National Museum of Taiwan History

National Museum of Taiwan History

Case name National Museum of Taiwan History PV Cloud Wall
Case location Tainan County
Erection style Ground mounted architecture
Owner Public construction
System Type BIPV / Lighting
System power output 195kWp
Engineering interface Hengs Technology Corp. Ltd. & King Polytechnic Engineering Co., Ltd.
Completion date 2009

In response to the GHG emission restriction rule of the Kyoto Accord, countries worldwide are further investing in renewable energy and substitute energy development. Currently, 98% of energy consumption in Taiwan relies on imports. For the benefit of national economic development and social-environmental protection, the Bureau of Energy launched a set of policies and goals for the development of solar energy in 2006 to establish the industry environment and popularize the application of solar power.

(1)   2006 Solar Energy Development Project and its Resulting Establishments

Though solar energy policies have evolved since then, the mission and goals of the 2006 mandate sprouted many inspiring projects and public constructions that are still admired today.

Goals and Strategy of the 2006 Solar Energy Development Guidelines[1]:

  • To actively promote demonstrative projects and strengthen the promotion of project establishment.
  • To enforce the establishment of emergency solar power systems in distant regions and off shore islands.
  • Accelerate development in the industry by investing in technological advancement and cost reduction, actively assist corporations in domestic market cultivation and foreign trade expansion, and to promote BIPV technology. The goal for building-installed PV systems was set to reach 100,000 to 120,000 homes by 2025.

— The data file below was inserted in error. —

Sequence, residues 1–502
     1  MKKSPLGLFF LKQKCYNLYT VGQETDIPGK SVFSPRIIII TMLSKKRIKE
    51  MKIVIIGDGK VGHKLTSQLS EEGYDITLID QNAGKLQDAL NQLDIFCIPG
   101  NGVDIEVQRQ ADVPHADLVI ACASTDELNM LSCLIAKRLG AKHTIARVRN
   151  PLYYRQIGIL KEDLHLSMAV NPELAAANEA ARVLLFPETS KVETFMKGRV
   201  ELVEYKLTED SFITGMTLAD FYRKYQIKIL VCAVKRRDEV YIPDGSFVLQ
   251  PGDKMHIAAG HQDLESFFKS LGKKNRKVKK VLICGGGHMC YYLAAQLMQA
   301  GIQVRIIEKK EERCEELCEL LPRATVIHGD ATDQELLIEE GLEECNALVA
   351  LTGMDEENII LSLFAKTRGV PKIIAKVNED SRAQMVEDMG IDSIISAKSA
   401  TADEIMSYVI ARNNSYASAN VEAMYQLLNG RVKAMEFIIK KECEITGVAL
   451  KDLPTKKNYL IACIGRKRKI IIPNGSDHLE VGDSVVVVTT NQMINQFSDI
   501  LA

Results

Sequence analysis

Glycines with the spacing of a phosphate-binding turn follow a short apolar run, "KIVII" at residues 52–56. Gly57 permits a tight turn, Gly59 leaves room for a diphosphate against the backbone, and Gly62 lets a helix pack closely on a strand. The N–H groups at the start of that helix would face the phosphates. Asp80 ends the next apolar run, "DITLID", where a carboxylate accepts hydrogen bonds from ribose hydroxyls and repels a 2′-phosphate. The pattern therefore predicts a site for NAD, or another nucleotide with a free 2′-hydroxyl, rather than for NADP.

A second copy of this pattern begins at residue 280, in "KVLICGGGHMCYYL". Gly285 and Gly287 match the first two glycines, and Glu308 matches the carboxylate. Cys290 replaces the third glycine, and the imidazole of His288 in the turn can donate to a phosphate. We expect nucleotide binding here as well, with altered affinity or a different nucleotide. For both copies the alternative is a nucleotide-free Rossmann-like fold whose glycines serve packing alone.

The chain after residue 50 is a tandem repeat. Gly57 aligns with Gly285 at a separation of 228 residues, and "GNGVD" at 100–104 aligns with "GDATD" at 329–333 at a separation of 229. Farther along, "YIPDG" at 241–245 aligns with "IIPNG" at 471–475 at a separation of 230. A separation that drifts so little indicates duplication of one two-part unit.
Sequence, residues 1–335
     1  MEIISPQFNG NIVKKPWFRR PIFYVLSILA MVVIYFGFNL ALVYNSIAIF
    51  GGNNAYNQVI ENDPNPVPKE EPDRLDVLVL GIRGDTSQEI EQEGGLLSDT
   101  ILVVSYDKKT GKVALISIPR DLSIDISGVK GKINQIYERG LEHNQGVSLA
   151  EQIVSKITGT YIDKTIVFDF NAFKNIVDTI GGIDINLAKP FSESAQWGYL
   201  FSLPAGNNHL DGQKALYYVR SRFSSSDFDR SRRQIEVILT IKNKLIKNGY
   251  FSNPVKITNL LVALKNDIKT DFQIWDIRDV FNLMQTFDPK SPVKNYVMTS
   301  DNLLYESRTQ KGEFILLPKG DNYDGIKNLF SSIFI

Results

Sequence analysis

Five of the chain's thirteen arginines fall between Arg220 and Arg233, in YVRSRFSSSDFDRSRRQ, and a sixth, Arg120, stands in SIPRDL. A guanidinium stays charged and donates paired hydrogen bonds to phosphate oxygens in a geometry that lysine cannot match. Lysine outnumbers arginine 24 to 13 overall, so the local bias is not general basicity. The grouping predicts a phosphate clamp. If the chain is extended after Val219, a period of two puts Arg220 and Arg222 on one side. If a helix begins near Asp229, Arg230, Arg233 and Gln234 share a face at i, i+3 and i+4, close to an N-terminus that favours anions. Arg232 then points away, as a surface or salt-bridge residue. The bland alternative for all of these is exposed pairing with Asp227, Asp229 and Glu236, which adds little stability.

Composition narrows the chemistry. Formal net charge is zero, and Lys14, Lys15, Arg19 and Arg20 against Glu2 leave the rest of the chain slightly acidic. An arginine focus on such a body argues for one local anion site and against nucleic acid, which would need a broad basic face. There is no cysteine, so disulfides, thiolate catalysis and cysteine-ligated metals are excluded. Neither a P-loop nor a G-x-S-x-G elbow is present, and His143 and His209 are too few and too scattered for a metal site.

Planned Policy Measures:

  • Solar City: The Solar City project plans to build solar powered buildings, municipal infrastructure or landmarks in several different locations in the city in order to boost the image of solar application. Details of installation projects would be proposed by the local city or county government, project subsidies would be evaluated by the Bureau of Energy.
  • Solar TOP: This measure differs from Solar City in that the project aims at constructing large, demonstrative solar power integrated establishments at key locations with high visibility. The constructions are to be designed with artistic diversity, cultural sensitivity and high technology. By combining public construction with solar power, the administration wishes to convey its seriousness of purpose in promoting renewable energy in Taiwan. Establishments are divided in two categories: 1. Structures with at least 60kWp and structural groups of at least 100kWp, 2. Transport facilities of at least 60kWp.
  • Emergency Disaster Prevention for Distant Regions: This measure planned to promote independent solar power systems in distant regions with limited access to grid power. It was estimated that at least one solar power system was installed in 50 mountainous counties and off shore islands.